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LINQ provides a very elegant and powerful way to work with sequences of data in C#. You can combine the LINQ "operators" (such as Select or Where) to form "pipelines" that filter and transform elements of IEnumerable<T> sequences.

But one thing that can be a bit tricky is when you need to introduce asynchronous calls into your LINQ pipeline. This might be that generating the initial sequence itself requires asynchronous calls. Or maybe as part of various filtering and mapping stages in a LINQ pipeline you might want to perform asynchronous operations. And of course it's quite common for you to want to consume your LINQ pipeline by performing asynchronous operations, which you might want to do in parallel.

All of this is possible, and a relatively recent addition to .NET is a feature called "async streams", which introduces the IAsyncEnumerable<T> interface, which is similar to IEnumerable<T> but supports working with asynchronous streams of data.

I'm hoping to write a few posts on this topic, and we'll get started by discussing the situations where you might want to consider using IAsyncEnumerable<T>. We'll also see the C# language features that allow us to generate and consume asynchronous sequences thanks to some new capabilities of the yield and foreach keywords.

Let's start by focusing at the "top" of a LINQ pipeline. What if the method that produces my sequence needs to make some asynchronous calls? In this case we have two main options - to use the new IAsyncEnumerable<T>, or to just return a Task<IEnumerable<T>>...

Should I return Task<IEnumerable<T>> or IAsyncEnumerable<T>?

First things first, I am not generally a fan of returning an IEnumerable<T> from a method, as it requires the caller to consider deferred execution. When we receive an IEnumerable<T> we can't assume that the work required to generate each value in the sequence has happened yet, and it is also not safe to enumerate the sequence twice.

For that reason, I tend to return IReadOnlyCollection<T> for all situations where I'm actually returning an in-memory collection of items. I've written more on this here. But the question still remains - when should we return an IAsyncEnumerable<T> instead of just using Task<IReadOnlyCollection<T>>?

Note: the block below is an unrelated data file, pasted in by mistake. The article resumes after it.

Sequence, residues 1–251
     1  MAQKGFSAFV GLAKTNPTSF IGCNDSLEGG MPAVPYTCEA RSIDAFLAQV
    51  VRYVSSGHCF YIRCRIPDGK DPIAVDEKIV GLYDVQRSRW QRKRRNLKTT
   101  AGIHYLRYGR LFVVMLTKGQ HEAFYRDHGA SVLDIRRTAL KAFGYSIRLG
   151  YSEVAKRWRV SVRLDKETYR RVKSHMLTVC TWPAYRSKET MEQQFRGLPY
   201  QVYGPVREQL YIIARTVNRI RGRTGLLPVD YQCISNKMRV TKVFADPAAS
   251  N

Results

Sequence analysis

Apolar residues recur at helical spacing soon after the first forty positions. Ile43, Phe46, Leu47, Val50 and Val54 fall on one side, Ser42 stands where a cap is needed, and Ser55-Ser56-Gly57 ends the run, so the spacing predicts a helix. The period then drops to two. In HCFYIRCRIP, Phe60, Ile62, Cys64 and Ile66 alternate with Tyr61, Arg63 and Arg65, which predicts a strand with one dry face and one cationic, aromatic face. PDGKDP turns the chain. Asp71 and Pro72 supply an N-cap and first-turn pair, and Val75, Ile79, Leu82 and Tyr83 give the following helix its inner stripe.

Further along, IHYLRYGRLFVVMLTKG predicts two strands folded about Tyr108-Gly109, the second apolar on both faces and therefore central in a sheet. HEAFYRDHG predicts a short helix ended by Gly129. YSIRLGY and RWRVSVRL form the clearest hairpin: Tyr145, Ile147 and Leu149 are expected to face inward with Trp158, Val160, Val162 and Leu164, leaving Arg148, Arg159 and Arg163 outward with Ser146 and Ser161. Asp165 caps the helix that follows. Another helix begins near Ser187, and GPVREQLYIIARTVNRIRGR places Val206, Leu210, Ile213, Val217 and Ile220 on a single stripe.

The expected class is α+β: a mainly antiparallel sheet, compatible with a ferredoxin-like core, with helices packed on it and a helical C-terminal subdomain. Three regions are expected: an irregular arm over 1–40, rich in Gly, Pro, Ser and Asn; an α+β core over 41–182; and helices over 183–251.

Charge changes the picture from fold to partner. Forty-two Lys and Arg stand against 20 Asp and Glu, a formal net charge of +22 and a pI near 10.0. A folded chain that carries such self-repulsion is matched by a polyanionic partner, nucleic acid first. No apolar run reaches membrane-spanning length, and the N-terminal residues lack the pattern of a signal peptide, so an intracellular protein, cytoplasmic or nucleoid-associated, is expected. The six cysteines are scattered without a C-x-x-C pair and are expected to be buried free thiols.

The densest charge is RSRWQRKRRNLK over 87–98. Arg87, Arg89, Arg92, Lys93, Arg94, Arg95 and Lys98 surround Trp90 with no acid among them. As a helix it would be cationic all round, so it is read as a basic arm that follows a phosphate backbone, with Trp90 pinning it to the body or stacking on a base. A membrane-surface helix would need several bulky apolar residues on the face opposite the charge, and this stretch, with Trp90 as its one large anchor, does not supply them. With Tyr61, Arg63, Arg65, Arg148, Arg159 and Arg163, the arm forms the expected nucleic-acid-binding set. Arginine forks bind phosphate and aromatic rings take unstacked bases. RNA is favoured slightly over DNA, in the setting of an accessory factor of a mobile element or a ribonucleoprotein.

For me the key difference is whether there is potentially the need to do some asynchronous work when you move to the next element of the sequence or not. If all the asynchronous work is done up front, then I think the Task option is just fine.

Here's a very common example, where the method must first make a network request to fetch some JSON which it deserializes. But once that's been done, we can return anything that implements IEnumerable<T> allowing it to be easily used in LINQ to objects pipeline.

public async Task<IReadOnlyCollection<Customer>> GetCustomers()
{
    var customers = await httpClient.GetFromJsonAsync<List<Customer>>("/api/customers");
    // all the customers are in memory by the time we return from this method
    // no real need to use IAsyncEnumerable<T> here
    return customers;
}

But sometimes, additional asynchronous work is needed to keep iterating through. Imagine our Customers API returns pages of results, and we'd like to receive a Customer iterator that makes calls to the API to fetch each page on an as-needed basis (rather than fetching all pages up front).

We might want to do something like this, but it won't compile, because you can't use the yield keyword if you're returning a Task<T>:

// WILL NOT COMPILE
public async Task<IEnumerable<Customer>> GetCustomers()
{
    var continuationToken = "";
    do
    {
        var page = await httpClient.GetFromJsonAsync<CustomerPage>